You’ve read his leaks. Now watch his show.
Cyber-transparency activist Julian Assange says he’s launching a career in television, hosting what he’s billing as a new brand of talk show built around the theme of “the world tomorrow.”
The show’s guests haven’t been disclosed, but Assange has promised to give viewers more of what he’s been supplying for years: Controversy.
The WikiLeaks secret-spilling site said in a statement released late Monday that “iconoclasts, visionaries and power insiders” would be brought in so that Assange could challenge them on their vision of world affairs and “their ideas on how to secure a brighter future.”
The world of television talk shows is a new one for the 40-year-old Australian, whose group has orchestrated the biggest mass-disclosures of secret documents in U.S. history. But the statement argued that Assange was uniquely qualified for the role given his past as “a pioneer for a more just world and a victim of political repression.”
Ellis Cashmore, an expert on celebrity culture at England’s Staffordshire University, wasn’t so sure.
“Assange has got a good, deep voice and agreeable Aussie accent, but he’s a slow, deliberate talker and not especially televisual,” Cashmore said in an email. “To be true to his image, he would have to make his proposed show subversive; and that might not appeal to many would-be guests.”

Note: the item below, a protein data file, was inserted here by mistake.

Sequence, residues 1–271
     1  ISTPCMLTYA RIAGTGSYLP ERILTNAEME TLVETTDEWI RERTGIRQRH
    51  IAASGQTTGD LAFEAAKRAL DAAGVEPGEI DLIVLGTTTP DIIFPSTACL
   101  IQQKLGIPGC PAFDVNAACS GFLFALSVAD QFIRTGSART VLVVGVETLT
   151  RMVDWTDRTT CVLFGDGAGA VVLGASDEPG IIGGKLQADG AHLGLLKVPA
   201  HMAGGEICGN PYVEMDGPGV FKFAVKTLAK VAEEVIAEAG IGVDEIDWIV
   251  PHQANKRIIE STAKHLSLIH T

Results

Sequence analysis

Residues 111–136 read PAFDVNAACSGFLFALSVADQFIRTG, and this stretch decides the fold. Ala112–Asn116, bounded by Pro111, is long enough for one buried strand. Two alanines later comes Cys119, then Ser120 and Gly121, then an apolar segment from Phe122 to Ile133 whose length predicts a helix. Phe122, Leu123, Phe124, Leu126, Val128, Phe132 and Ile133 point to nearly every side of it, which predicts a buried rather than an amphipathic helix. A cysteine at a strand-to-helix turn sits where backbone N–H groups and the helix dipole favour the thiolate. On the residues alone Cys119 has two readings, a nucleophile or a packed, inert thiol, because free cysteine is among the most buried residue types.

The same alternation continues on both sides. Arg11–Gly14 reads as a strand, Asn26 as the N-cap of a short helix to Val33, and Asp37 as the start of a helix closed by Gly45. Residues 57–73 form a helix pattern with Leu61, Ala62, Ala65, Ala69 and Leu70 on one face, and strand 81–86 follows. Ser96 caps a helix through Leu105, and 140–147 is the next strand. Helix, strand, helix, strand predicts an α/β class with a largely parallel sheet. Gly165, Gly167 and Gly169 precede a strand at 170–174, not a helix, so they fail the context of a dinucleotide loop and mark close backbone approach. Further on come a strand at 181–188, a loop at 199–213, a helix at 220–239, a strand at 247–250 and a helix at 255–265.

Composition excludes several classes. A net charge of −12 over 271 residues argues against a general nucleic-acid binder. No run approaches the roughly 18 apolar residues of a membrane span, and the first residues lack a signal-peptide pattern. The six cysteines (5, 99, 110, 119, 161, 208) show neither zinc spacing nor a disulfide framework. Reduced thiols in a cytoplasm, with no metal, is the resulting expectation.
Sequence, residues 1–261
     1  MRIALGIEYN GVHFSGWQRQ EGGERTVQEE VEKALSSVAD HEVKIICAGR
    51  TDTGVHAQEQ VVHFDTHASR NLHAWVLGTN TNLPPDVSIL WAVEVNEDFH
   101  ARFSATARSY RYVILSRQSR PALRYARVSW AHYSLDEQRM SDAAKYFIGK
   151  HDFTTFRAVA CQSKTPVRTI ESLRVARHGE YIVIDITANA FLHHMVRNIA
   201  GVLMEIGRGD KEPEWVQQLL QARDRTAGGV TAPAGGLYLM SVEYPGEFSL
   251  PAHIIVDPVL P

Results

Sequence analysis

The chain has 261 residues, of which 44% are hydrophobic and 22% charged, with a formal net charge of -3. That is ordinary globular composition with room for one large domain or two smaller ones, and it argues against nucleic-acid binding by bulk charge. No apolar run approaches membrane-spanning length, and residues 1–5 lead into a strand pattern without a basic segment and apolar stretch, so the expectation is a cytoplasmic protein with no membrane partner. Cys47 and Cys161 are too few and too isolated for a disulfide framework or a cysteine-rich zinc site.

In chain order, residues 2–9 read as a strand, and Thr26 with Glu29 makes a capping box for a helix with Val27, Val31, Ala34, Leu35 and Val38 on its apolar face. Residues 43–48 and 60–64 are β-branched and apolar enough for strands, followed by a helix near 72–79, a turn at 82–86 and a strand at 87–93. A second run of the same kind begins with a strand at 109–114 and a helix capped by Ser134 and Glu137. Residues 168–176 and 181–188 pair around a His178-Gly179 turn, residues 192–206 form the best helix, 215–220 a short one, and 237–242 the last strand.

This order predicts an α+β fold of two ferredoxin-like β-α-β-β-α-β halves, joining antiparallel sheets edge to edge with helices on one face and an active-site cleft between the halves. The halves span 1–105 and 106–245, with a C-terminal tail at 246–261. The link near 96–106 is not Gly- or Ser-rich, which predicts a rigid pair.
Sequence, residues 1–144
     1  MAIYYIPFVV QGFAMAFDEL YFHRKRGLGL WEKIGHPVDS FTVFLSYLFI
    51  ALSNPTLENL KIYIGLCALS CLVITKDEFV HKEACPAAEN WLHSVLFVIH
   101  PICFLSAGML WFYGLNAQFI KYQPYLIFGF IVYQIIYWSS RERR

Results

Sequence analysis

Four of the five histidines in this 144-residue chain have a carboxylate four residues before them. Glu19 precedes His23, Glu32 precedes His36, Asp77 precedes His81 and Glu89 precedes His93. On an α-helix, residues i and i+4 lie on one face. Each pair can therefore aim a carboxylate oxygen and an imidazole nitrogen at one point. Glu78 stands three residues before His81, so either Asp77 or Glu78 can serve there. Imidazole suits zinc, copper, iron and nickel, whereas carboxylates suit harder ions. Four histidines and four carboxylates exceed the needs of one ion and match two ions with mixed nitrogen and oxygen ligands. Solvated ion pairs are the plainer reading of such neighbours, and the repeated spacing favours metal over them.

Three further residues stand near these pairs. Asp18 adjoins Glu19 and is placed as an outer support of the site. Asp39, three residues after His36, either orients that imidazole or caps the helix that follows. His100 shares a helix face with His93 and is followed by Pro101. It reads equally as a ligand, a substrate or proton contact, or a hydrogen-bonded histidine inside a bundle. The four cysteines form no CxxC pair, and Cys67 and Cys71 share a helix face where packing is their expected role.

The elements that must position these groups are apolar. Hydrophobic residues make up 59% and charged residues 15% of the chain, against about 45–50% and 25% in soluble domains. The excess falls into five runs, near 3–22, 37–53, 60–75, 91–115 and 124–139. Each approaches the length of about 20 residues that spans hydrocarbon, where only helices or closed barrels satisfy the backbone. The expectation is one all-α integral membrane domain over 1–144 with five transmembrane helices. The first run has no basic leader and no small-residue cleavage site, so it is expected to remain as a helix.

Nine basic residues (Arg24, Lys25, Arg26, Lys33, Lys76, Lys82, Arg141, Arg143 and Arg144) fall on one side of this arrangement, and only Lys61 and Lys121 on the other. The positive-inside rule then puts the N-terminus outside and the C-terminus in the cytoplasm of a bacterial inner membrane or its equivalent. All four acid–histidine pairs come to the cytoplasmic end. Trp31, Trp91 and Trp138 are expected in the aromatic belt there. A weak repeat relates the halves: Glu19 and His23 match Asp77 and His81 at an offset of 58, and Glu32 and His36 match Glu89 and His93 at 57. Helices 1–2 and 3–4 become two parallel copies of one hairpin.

WikiLeaks said that the show would begin airing in mid-March, although how the show will be produced and who will carry it are open questions.
It’s not even clear Assange will be free to host the show. He’s currently fighting extradition to Sweden, where he’s wanted over sex crimes allegations, and U.S. officials are still weighing possible charges linked to his attention-grabbing leaks.
In its statement WikiLeaks referred queries about the series to the hitherto obscure Quick Roll Productions, whose website carried no indication of where the group was based or who was managing it. An online records search indicated that Quick Roll’s site was created about two weeks ago.
Neither Quick Roll nor WikiLeaks returned emails seeking further details on their project.
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